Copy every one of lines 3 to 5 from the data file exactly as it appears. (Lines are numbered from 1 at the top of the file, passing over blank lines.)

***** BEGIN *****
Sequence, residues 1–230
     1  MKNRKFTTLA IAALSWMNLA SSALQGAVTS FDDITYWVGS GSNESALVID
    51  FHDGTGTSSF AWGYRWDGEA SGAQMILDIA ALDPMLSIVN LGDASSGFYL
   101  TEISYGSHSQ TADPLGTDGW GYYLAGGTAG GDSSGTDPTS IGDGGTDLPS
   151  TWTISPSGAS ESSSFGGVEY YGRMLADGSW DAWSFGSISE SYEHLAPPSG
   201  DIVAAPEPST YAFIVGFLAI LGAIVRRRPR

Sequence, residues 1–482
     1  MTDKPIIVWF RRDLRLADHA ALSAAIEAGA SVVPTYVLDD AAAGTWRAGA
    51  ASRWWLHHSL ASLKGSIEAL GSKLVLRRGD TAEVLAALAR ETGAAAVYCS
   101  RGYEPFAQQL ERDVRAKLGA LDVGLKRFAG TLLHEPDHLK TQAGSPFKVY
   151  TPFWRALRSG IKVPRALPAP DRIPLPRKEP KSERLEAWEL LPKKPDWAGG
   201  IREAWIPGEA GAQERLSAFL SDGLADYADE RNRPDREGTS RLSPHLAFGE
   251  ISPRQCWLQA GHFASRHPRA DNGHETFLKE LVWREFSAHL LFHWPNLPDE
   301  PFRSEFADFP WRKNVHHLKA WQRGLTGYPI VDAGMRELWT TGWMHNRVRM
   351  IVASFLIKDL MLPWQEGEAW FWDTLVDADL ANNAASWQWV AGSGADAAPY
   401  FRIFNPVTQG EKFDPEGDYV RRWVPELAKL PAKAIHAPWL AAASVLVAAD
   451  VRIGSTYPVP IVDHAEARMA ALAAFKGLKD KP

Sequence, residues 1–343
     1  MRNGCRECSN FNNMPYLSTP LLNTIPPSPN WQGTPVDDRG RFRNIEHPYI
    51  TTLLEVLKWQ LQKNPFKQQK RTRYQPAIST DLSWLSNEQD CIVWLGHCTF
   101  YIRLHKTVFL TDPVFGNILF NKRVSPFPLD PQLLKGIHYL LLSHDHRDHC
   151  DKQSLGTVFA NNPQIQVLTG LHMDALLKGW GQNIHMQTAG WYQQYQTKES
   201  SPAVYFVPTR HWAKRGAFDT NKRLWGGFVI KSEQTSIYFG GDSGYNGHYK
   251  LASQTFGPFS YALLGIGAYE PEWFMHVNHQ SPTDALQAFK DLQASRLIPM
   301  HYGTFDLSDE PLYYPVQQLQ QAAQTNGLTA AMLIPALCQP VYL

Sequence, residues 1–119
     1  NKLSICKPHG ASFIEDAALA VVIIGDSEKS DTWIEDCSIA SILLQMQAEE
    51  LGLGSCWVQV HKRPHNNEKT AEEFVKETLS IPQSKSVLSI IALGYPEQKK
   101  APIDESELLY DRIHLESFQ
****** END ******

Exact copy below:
    51  FHDGTGTSSF AWGYRWDGEA SGAQMILDIA ALDPMLSIVN LGDASSGFYL
   101  TEISYGSHSQ TADPLGTDGW GYYLAGGTAG GDSSGTDPTS IGDGGTDLPS
   151  TWTISPSGAS ESSSFGGVEY YGRMLADGSW DAWSFGSISE SYEHLAPPSG